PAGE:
For me, it needs to be a bit of both.  One of the things that gives me high levels of OCD-fuelled rage is when people take a perfectly good thing, let’s say it’s a vampire, and turn it into not a vampire.  With the vampire legend, what makes it so tragic is that it’s truly a curse, to be ever at the edge of the light but unable to touch, despite being perfect and beautiful for all time.

Werewolves share some of these sorts of characteristics – if you follow the legends, they are cursed too, to live outside of human life or they end up killing everyone they love.  Or maybe worse, turning them into cursed creatures like themselves.  I spent a bit of time on working out what the common elements of “werewolf” was all about.  What makes them change?  What’s the characteristics of them when they’re not human?  Where does the curse come from?  How does it spread?

Can they be good, or are they purely evil?  Do good and evil make sense in the context of the legend?

I started to try and piece together: how could the werewolf legend be true?  What if it was…  What would have to have happened for one of them to be left alive out there somewhere and us not to know about it?  What would happen if their world collided with ours?

After I’d pieced this together, I wanted to add a few bits of uniqueness to the story, to make it individual.  For example, there is a common theme to the lack of remembrance between the beast and the human, but I wanted you to hear the voice of the beast speaking to the man as they come to terms with each other.  This makes the werewolf more than just a trope: it becomes a character in its own right, and characters are the cool parts.

It also gives context for why one werewolf might act differently from another, and why they might come into conflict.  I wanted them to be as individual as you or me.

Any unexpected surprises writing ‘altered’ human characters?

Perspective.  I wrestled a lot with perspective.  The thing is, I don’t really know in my head what a werewolf would think, so telling a chapter from the perspective of one of them would be really hard.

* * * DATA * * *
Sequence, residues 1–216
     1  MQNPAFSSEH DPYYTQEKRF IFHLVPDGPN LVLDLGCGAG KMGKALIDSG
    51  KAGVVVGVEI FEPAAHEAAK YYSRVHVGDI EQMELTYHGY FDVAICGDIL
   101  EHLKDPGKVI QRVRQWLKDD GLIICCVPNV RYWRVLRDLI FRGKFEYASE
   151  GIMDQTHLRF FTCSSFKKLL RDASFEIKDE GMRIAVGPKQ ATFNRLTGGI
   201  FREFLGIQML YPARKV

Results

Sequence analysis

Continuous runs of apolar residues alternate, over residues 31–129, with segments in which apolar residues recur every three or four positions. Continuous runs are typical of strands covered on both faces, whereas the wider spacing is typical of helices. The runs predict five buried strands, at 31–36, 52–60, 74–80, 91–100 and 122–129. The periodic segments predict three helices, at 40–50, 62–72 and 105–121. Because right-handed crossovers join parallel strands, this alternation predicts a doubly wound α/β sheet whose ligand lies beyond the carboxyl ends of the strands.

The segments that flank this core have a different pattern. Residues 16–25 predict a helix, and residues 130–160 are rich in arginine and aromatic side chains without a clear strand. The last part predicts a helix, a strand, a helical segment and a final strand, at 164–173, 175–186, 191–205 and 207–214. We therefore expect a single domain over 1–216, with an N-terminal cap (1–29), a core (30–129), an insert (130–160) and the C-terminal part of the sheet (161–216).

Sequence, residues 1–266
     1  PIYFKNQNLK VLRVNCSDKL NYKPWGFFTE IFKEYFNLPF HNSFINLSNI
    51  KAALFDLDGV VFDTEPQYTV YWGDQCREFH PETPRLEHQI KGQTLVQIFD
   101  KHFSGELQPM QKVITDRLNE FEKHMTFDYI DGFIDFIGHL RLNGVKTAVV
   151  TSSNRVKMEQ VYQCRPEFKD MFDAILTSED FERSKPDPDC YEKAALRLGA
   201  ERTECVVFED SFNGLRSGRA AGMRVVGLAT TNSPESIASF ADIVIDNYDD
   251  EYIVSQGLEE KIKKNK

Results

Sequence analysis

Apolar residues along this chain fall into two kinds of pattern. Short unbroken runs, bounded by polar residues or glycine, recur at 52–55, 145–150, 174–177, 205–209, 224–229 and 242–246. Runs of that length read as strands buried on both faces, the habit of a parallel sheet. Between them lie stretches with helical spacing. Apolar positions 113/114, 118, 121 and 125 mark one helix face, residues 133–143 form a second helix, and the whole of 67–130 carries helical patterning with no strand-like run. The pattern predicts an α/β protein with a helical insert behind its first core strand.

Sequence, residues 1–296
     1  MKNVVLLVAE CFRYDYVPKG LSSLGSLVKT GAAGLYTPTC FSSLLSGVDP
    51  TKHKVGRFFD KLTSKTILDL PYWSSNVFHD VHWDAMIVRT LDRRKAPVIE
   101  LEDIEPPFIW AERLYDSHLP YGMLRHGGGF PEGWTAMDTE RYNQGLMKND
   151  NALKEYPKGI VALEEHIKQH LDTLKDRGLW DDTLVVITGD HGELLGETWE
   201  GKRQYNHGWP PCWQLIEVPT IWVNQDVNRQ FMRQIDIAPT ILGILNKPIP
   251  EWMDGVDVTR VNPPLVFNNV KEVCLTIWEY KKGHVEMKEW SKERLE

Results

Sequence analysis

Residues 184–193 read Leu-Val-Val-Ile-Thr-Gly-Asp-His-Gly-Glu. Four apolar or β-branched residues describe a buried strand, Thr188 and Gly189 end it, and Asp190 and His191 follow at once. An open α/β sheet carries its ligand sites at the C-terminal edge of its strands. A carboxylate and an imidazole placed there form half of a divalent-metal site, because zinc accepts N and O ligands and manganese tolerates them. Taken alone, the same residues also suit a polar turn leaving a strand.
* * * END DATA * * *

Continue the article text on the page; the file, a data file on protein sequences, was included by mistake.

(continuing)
This framed the story a little differently – you see their motivations more through actions than through their view of the world.  This turned out to be one of the coolest parts of writing the story.

One of my favourite parts of the book was when the police have to deal with a severed hand that by all accounts should belong to the main character – but when they track him he seems to be intact. How hard / fun was it to bring the fantastical into a very modern / pragmatic setting?

It was a lot of fun!  Some of the narrative was hard to keep consistent though.  There are a lot of rules that Night’s Favour is based on, but I try not to expose those to the reader.  They’re either unimportant, or should be obvious through what happens.

The hand is a good example 🙂  I wanted to explore what would happen if people with our set of assumptions would come up against things that don’t match.  I had similar amounts of fun with the teeth, if I had to be honest.

You can just see the Police (or doctors, or whatever) sitting there, looking at the evidence, trying to add 2 and 3 and coming up with 12.

Definitely it was more fun than hard.  The hard part is narrative consistency – if you have a set of rules, they need to universally apply.  So, for example, I know what happens to a werewolf if they’re shot with silver before they change, and what happens if they’re shot after.  If it’s different, it needs to always be different, not just because it’s convenient at that point in time.

Any advice for those of us considering writing our own mythical creatures?

Pick one you love.  You’ll spend a lot of time with them.

Maybe don’t pick one everyone else uses, and vampires say hi, but if you really like vampires then by all means go for it.  You’ll have a harder time writing a story about creatures you can’t like.

Thanks so much Richard!

For enigmatic werewolves, plenty of action and some great one-liners, I’d highly recommend Night’s Favour:

Nights Favour US Trade CoverValentine’s an ordinary guy with ordinary problems. His boss is an asshole. He’s an alcoholic. And he’s getting that middle age spread just a bit too early. One night — the one night he can’t remember — changes everything. What happened at the popular downtown bar, The Elephant Blues? Why is Biomne, the largest pharmaceutical company in the world, so interested in him — and the virus he carries? How is he getting stronger, faster, and more fit? And what’s the connection between Valentine and the criminally insane Russian, Volk?

Richard Parry grew up on a steady diet of cartoons, observed around the edges of his parent’s watchful gaze. He started writing bad fiction at an early age, but has had 30 years to think about the error of his ways. When not writing speculative fiction, he works for a soulless megacorporation, selling the art of the possible to G-Men. It pays the bills. He lives with the love of his life, Rae, and a cat and a dog who wage constant war in a turn of the century house nestled against a river bank. All in all, it’s not so bad.

Check out his blog PunK KilleD Disco, or follow him on Twitter

– by Raewyn Hewitt